A weakness for BMW is the price of its vehicles in comparison to its competi­tors prices. Competitors include not only those in direct competition, such as Mercedes-Benz or Audi, but also car manufacturer outside of the ‘premium’ sector (DeMattia 2017). In Australia companies like Holden or Toyota have cheaper prices while offering high quality vehicles.

Between 2011 and 2016 BMW mistakenly gave credit to approximately 15 000 customers who could not afford the repayments. The consequences were sub­stantial; the organization had to pay back 72 million dollars to these buyers as well as giving five million dollars to a ‘community benefit fund’ (Bachelard 2016). This weakened BMW’s brand image and reputation, which affected the company’s sales figures.

Another weakness of BMW in the Australian market is their history of faulty airbags. They had to recall the air bags of four different BMW series, affecting approximately two million cars in Australia (Park 2018). This mistake also af­fected the image and the reputation of BMW.

4.3.3 Opportunities

A strength of BMW is the excellent quality of their products and services. How­ever, the company has recently made some mistakes in the Australian market. These mistakes may present BMW with an opportunity to improve vehicle qual­ity and customer satisfaction with its services.

Hybrid and electric vehicles may also present opportunity in the Australian market for BMW, where high petrol prices are encouraging people to use other transportation modes to travel the large distances between cities (Delbosc 2015; BITRE 2016, p. 4).

A general opportunity for BMW is the possibility of collaborating with other car manufacturers, such as Toyota, to share knowledge and save on Research and Development costs.

4.3.4 Threats

Substitute products may pose a threat for BMW in a long-term. Public transport in Australia is good, especially in cities where people use it more. Yet the car is still the most popular transportation mode in Australia, used by 80 per cent of the population (BITRE 2016, p. 4). Uber is increasingly popular in Australia, but is rarely used by individuals on a daily basis.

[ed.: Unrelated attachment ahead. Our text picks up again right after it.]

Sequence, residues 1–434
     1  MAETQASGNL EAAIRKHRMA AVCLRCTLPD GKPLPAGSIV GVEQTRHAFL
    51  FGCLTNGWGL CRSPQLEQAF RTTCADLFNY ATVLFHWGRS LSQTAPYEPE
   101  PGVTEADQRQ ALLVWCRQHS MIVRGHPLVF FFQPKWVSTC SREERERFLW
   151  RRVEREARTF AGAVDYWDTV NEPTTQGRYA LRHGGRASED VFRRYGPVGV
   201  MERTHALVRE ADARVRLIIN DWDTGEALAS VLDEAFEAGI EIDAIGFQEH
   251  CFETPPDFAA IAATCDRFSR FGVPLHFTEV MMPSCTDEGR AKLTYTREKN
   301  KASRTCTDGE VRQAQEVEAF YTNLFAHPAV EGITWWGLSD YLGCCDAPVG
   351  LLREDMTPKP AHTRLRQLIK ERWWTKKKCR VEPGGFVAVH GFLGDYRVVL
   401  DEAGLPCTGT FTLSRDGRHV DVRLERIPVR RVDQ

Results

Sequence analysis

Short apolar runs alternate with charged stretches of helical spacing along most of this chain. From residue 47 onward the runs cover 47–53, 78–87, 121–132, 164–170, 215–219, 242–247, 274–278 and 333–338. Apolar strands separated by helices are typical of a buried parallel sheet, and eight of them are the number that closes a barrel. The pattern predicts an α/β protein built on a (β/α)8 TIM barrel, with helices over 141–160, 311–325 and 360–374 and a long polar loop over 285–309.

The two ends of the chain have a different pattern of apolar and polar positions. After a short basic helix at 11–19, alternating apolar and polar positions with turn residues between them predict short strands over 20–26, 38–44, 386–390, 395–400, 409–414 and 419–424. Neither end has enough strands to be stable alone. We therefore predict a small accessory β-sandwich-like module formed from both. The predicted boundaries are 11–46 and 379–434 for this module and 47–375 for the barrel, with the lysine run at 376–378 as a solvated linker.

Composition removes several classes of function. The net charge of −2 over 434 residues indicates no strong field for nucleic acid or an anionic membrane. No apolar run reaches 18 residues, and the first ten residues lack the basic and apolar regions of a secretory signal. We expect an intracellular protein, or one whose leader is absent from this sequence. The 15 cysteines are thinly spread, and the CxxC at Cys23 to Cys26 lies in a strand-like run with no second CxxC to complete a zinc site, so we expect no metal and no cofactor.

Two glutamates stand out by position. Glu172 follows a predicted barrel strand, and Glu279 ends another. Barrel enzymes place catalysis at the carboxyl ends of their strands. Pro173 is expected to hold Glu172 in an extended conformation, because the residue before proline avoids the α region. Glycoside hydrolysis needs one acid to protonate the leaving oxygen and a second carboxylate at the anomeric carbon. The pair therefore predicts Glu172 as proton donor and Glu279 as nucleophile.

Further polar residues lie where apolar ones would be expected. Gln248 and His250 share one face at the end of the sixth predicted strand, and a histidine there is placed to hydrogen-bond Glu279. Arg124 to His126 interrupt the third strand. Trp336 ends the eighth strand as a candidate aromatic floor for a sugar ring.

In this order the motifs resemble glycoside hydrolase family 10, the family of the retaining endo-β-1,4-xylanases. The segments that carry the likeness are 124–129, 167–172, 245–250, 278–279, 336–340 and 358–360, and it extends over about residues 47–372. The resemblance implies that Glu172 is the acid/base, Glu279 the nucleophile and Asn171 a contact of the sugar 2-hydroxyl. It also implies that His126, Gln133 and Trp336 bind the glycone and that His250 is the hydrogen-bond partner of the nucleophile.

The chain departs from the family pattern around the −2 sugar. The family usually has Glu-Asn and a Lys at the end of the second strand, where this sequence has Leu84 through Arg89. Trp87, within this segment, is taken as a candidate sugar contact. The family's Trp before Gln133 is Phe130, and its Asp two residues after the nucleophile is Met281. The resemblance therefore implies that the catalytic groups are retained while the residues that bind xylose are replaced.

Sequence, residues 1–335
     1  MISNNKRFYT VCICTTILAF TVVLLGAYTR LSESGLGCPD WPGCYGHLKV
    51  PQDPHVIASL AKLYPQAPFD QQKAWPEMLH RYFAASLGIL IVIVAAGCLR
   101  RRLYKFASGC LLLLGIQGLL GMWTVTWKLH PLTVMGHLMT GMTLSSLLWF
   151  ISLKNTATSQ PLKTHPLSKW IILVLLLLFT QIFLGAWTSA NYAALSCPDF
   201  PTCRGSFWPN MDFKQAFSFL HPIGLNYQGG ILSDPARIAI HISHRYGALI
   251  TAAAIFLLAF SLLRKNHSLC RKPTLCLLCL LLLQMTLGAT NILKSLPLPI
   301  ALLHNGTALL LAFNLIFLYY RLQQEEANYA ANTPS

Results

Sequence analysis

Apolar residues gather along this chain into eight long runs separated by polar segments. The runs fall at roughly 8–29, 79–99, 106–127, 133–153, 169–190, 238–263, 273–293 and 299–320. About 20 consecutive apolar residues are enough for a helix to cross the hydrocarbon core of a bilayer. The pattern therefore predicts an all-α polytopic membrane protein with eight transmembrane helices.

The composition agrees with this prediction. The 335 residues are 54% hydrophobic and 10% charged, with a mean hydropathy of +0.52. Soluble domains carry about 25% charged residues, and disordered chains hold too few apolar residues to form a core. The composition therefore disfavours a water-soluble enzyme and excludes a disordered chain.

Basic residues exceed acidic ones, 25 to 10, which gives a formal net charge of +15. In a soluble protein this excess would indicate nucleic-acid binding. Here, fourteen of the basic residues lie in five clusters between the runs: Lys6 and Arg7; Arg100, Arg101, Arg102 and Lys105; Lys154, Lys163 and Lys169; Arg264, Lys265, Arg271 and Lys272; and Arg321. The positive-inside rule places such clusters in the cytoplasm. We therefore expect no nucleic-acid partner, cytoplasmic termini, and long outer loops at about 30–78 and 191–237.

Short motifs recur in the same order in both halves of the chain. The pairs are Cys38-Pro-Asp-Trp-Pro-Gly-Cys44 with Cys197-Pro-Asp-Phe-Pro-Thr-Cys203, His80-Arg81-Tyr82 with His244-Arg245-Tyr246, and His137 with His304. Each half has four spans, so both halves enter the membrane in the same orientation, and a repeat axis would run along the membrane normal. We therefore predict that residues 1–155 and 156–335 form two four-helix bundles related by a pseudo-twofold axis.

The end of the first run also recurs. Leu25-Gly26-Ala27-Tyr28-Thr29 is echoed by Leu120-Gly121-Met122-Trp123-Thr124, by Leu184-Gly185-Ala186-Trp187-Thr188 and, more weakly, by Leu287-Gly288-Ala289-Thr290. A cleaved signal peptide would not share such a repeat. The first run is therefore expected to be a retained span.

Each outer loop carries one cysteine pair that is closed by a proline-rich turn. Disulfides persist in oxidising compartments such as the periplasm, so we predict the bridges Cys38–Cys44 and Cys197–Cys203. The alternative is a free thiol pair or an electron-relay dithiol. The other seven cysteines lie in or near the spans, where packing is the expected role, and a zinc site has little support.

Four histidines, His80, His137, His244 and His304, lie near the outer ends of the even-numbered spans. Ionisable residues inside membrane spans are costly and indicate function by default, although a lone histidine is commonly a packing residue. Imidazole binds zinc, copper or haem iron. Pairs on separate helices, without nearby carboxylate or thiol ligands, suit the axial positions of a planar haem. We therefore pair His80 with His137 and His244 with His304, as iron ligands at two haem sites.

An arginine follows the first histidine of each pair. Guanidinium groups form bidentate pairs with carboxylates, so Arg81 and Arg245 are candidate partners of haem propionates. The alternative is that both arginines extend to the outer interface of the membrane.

A problem for BMW might be the number of different competitors in the market who have cheaper prices comparatively. However, Mercedes-Benz and Audi are the biggest threats because they are the direct competitors of BMW.

The weakness with the air bags and the mistakes in the financial department of BMW Australia may also be a long-term threat. Possible damage to the brand image and reputation is high, especially when customers are inade­quately protected by the vehicle or are dishonest with their financial history. The high prices for the original materials used in vehicle production are also a threat for the company. As a result, BMW may raise their prices in Australia, passing on these costs to the consumer.

4.4 PESTLE-Analysis

The PESTLE analysis is a method used to investigate the effects of the exter­nal environment on the organization. When one external factor changes, it may cause changes to the other factors. This chapter is divided into six sub-chap­ters, the content of which are summarised by the following.


Excerpt out of 40 pages


BMW Group operates in the market Australia. Strategic plan report
University of South Australia
Catalog Number
ISBN (eBook)
ISBN (Book)
group, australia, strategic
Quote paper
Tobias Rohringer (Author), 2018, BMW Group operates in the market Australia. Strategic plan report, Munich, GRIN Verlag,